Wednesday, January 22, 2003

Some arguments perceived as begin 'slippery slope' arguments aren't that at all. Some are actually just the logical consequence. Take the case of abortion rights. When the president of Planned Parenthood, Gloria Felt, says "In a realistic worst-case scenario, we could lose not only our right to abortion, but even our right to birth control," I don't believe she is being unduly alarmist at all.

If Roe v. Wade were overturned, and all abortions made illegal - either federally or in individual states (some of which still have the laws on the books and would therefore be able to begin enforcing them immediately) - then the State will have effectively declared that womens' bodies, when pregnant, are subject to its control. While birth control pills are not actually abortifacients, the usual suspects obsessed with controlling womens' reproductive decisions claim that they are.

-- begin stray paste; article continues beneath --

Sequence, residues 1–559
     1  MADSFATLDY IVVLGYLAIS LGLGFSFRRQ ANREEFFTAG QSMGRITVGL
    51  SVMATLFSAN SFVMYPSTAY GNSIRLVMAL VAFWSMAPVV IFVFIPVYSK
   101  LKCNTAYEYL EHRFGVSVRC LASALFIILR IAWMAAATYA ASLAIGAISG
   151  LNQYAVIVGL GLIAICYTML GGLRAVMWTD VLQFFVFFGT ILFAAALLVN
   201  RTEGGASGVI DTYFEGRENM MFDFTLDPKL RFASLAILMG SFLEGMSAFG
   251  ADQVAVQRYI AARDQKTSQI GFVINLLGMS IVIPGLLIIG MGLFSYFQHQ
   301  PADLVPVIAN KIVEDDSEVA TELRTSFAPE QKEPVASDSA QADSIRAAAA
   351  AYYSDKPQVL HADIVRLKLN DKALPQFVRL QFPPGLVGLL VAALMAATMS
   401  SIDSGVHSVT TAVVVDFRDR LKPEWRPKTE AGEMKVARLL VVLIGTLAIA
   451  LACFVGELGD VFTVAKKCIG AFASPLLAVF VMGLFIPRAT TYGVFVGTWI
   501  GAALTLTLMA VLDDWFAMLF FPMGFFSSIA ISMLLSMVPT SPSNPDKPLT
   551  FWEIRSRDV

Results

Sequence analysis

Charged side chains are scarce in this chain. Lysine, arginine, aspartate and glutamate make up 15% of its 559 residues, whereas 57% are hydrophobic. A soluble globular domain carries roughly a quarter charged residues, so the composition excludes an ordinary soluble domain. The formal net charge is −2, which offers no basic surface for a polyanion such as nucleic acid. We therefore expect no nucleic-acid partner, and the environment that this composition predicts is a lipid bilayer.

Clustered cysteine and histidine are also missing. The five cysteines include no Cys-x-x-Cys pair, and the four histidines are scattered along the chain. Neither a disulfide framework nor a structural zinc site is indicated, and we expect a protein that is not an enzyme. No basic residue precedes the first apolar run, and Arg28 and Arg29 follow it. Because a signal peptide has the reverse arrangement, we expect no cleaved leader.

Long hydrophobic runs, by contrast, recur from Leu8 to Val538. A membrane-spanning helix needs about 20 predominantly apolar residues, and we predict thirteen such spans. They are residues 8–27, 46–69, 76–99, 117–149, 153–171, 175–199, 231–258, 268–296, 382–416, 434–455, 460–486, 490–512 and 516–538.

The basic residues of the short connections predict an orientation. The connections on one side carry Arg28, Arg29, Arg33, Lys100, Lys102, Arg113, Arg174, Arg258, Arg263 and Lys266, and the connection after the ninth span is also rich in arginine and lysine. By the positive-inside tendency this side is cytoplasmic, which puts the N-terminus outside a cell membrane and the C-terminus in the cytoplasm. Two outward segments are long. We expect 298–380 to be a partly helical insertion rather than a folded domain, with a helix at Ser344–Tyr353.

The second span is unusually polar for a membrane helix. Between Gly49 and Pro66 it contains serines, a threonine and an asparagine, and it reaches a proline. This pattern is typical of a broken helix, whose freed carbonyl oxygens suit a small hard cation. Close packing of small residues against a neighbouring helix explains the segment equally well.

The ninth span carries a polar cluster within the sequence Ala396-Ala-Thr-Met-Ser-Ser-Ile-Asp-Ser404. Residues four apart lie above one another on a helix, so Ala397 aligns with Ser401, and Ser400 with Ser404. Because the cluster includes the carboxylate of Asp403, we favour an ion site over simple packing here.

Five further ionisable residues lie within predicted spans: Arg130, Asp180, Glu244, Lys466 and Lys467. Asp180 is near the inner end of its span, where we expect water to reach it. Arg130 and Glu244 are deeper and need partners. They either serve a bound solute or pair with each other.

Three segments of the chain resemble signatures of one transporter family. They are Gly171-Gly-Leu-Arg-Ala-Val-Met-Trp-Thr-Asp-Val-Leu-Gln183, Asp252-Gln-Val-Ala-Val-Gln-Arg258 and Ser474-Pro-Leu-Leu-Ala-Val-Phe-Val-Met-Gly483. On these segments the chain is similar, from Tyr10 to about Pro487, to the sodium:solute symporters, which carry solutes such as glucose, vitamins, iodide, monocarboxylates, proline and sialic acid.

Another worst case scenario, which I would have added, is the mass exodus of doctors out of the OBGYN business. This is one area where threat of malpractice appears to have genuinely been an issue, but that is nothing compared to the threat of criminal prosecution for something as simple as a botched invasive pre-natal procedure, or the possible need to get a Judge's approval for certain procedures.